You can create a basic website for your product just by looking at and understanding what others in your field are doing. It’s not the best method, but it’s an option to consider.
The final goal is collecting enough information to create “Personas” and asking yourself the following questions:
Who are you trying to sell to?
What are their characteristics?
What’s the age range of your users?
What phase are they in on their customer journey?
Give your persona a name too.
Once you’ve gathered all that information, you can go online and search for groups of people who fit your user profile.
For example, someone interested in buying a Tesla or electric car, would also be someone interested in the environment. So, an easy thing to do would be to search for groups on Facebook on this subject. You can connect with the admin of the group and negotiate with them to allow you to distribute your survey and get to know your users and build a database of personas.
Once you’ve established rapport with your users, it’s time to build or review your current website to make sure it matches both user expectations and your business needs.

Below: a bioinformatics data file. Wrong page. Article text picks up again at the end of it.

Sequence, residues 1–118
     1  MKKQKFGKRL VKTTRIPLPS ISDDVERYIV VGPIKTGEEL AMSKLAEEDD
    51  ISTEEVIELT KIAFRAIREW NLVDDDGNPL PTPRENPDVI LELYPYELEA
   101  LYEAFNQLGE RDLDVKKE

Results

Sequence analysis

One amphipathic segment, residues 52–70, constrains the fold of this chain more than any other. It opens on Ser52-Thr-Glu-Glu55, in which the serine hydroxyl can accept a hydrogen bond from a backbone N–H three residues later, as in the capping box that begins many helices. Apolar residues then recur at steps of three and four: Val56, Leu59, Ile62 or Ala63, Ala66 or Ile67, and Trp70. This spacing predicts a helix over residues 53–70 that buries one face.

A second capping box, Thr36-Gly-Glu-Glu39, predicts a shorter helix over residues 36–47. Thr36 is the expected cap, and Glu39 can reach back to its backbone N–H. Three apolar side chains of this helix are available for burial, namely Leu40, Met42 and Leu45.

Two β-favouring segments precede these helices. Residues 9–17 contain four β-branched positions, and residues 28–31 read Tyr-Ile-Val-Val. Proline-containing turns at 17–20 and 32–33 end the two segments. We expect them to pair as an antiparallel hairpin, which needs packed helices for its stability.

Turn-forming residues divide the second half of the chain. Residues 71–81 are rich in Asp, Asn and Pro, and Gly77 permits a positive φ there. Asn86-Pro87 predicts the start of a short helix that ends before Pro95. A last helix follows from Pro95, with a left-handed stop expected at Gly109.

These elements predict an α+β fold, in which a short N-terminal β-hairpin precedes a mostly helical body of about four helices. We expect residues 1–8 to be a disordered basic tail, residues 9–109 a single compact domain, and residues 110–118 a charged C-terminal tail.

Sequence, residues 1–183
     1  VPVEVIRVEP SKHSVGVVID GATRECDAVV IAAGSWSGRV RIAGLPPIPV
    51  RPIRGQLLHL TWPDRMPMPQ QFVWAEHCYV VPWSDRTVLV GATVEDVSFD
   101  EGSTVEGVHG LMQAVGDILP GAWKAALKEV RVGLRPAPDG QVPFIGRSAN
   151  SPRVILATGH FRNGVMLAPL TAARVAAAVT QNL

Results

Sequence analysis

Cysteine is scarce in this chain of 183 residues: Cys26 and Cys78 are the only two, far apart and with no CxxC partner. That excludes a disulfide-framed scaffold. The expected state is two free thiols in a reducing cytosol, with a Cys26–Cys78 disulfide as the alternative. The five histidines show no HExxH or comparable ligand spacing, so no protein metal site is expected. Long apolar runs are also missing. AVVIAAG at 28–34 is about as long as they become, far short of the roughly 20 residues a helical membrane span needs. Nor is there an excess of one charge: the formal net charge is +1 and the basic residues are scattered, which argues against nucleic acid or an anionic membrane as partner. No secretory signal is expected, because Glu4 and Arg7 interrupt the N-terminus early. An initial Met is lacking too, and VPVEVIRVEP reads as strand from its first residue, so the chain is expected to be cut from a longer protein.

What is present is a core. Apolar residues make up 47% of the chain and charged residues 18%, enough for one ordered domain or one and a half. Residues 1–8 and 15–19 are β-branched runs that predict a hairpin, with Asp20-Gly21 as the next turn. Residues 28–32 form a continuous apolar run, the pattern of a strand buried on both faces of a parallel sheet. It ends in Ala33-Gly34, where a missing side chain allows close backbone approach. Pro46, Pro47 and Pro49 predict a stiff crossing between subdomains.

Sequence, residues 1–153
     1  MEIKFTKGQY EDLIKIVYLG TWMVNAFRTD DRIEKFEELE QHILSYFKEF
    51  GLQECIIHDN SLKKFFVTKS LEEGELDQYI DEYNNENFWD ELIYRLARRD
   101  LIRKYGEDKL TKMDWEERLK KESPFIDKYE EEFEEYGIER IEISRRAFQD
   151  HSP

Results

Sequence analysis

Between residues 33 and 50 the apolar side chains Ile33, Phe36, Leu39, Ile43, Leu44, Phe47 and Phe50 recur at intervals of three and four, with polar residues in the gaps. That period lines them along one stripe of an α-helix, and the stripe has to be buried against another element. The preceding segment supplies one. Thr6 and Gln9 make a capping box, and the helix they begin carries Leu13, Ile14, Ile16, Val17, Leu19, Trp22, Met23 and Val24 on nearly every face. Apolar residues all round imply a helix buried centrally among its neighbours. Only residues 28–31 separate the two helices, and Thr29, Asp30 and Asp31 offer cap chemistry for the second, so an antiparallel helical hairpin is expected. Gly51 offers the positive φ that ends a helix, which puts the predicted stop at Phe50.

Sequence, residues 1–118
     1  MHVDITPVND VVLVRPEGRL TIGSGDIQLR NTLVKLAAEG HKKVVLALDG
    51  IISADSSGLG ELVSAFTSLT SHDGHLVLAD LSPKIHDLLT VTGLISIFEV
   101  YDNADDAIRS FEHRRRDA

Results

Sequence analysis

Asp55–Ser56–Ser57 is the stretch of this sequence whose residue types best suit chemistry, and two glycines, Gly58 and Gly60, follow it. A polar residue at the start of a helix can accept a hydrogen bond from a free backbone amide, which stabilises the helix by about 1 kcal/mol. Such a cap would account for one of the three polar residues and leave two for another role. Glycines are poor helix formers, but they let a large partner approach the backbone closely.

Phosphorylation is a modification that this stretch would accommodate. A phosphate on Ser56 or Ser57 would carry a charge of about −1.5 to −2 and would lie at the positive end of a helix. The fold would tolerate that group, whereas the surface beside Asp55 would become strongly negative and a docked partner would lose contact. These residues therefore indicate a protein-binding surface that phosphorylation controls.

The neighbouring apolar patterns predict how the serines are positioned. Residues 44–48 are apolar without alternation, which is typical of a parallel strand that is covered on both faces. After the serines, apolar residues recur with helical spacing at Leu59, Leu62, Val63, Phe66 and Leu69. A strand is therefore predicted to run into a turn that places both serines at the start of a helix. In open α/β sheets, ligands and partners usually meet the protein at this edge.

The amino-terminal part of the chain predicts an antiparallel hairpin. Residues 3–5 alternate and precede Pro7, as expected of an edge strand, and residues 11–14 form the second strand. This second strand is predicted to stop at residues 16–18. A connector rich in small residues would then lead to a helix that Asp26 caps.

If you do this, you’ve already won. But you don’t want to be just good, you want to be great! So there is a step further we can take to now exceed user expectations.
This is where personalisation comes in. You can use tools like Convert.com which allows you to present different content to different users based on their traffic source and/or behaviour on the website.
It also improves key business metrics by empowering you to easily discover insights, test ideas, and improve engagement – across the entire customer journey.
Hopefully you can now see that by providing a great UX experience, you can supply the user with what they really want, and in turn grow your reputation as a business that delivers the best service possible.